3 Ways to Personalize Your Employee Recognition Programs

3 Ways to Personalize Your Employee Recognition ProgramsYour employees are your most valuable asset and the key to your company's success. Without a strong team of individuals who are driven each day to achieve a common goal, your business is susceptible to taking a giant nosedive into the dark abyss. As a business owner or manager, it's essential to build a strong employee recognition program into your corporate culture. By acknowledging successes and individual performance, you will be reinforcing behaviors and practices that lead to effective results. Additionally, you're communicating to your team that they are valued, which will drive motivation. 

It's important to remember that your team is comprised of a diverse set of individuals. While one employee may salivate over having a steak dinner, another may cringe at the thought because they're a vegetarian. One individual could adore cats, while another is deathly allergic. Because you're employees all possess unique interests, needs, and personalities, your employee recognition program should encompass a variety of ways to express your appreciation.

So, how should you recognize an individual’s accomplishments? The first step is getting to know your team.

The Introvert vs. The Extrovert

A bulk of you employees may relish in the prospect of being publicly recognized and congratulated for their work - whether it's hanging their picture up in a common area, bringing in cupcakes, or even just making an announcement to the team. You might have another group of individuals, however, how are self-proclaimed introverts, and these types of public gestures are stressful and embarrassing. By putting an employee who's a bit more shy into this type of situation, you're essentially encouraging them to underperform. Because to these employees, a simple announcement can feel as overwhelming as delivering a State of the Union Address on national television. Make sure you know your employees and act accordingly when it comes to giving them a pat on the back. 

What Does The Employee Consider an Accomplishment?

Actively communicating with your employees and having a firm understanding their goals throughout the year is an effective way to gain insight into what each individual considers a praiseworthy accomplishment. If your employee is striving to reach a specific sales goal or they're focused on growing your blog traffic by 10%, then you will know the moments, outside of milestones you've set for them, that warrant your acknowledgement. Or, if you've noticed an employee who beams with pride every time they resolve to a particularly difficult customer issue, be sure to commend them for their efforts when they're successful.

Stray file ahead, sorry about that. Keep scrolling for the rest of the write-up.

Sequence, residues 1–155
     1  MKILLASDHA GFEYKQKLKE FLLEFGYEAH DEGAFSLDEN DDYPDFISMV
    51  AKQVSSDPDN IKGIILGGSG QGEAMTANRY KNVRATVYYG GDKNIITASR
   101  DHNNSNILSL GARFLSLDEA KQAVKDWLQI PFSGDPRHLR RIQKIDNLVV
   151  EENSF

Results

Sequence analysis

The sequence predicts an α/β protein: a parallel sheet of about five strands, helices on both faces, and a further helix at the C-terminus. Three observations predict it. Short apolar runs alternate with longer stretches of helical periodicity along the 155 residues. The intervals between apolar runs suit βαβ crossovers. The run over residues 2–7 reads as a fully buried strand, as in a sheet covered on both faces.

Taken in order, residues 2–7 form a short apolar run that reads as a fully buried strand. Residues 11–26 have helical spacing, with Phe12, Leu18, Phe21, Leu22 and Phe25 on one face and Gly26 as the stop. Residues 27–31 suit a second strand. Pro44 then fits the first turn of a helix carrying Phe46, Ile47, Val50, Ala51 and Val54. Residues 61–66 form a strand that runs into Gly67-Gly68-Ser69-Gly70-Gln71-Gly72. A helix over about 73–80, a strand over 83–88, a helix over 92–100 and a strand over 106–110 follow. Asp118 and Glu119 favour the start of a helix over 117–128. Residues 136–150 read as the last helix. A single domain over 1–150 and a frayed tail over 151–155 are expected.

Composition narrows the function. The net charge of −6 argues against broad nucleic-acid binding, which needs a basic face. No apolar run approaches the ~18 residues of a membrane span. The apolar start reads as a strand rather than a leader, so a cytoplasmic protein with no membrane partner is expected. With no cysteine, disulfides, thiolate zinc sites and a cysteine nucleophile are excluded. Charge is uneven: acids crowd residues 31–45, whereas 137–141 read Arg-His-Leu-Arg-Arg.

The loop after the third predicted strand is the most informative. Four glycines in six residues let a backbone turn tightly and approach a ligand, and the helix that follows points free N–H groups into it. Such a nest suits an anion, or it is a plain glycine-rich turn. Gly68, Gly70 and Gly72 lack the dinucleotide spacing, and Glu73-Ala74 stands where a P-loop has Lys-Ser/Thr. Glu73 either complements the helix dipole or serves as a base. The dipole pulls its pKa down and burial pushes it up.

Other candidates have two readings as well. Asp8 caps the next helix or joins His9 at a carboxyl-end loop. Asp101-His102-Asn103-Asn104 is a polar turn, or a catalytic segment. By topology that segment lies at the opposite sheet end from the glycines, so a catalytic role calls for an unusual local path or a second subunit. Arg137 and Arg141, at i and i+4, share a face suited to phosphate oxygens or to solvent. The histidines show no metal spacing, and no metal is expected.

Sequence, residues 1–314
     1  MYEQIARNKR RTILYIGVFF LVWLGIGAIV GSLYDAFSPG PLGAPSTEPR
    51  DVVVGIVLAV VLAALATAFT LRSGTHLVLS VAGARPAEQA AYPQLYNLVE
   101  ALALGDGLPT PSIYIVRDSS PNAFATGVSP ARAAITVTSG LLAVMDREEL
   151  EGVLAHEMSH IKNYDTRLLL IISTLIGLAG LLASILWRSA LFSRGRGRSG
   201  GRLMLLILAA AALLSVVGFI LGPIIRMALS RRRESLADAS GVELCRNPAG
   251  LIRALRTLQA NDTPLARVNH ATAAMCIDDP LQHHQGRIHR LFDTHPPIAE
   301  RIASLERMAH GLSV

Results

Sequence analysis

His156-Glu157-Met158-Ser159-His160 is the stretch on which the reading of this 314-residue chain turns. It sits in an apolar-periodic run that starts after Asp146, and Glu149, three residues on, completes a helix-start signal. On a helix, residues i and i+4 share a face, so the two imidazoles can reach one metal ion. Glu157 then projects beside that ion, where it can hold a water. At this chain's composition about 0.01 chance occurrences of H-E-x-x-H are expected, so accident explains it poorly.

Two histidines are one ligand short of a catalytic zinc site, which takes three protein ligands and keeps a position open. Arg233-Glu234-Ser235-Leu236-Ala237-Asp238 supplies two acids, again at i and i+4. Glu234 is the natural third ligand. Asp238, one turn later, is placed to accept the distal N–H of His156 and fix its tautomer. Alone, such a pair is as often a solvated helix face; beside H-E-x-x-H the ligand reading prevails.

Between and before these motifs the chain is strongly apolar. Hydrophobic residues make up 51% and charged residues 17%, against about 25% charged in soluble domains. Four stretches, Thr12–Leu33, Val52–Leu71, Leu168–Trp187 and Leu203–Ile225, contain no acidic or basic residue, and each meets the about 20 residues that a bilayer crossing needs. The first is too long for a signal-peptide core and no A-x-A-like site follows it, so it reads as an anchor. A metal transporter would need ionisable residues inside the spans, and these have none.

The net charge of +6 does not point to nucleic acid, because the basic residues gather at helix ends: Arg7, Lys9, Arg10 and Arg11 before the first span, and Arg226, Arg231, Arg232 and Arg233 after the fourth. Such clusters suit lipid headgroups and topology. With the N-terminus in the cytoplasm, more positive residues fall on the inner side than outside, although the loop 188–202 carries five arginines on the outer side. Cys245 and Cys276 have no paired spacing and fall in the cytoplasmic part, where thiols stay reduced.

There’s No “I” in Team

If the purpose of your team is to work together towards a common goal, perhaps celebrating individual accomplishments feels like you are singling out particular employees in lieu of valuing collective achievements. However, there should be a happy balance between celebrating team wins and individual feats. Rewarding your team as a whole, will promote a sense of camaraderie and create a culture that shows - not just says - they value their employees.

If you want to retain employees and attract talent in this increasingly competitive, candidate-driven marketplace, you need to establish a strong culture that celebrates employee achievements. By doing so, you'll create a staff of motivated, highly productive workers and come to the office each day with their best foot forward. If you expect your staff to perform at a high level and work tirelessly without providing anything in return, it will foster resentment, apathy toward producing quality work, and leave your staff feeling like they aren't valued.

Through acts of appreciation, you are demonstrating not only that their hard work matters, but they're contributing to the larger goals of the organization. Just remember, a reward is not one-size-fits-all, so it’s crucial to invest the time in knowing your teams goals and preferences. By doing this, you'll be seen as a true leader figure who values individual input and encourages each player on the team to succeed.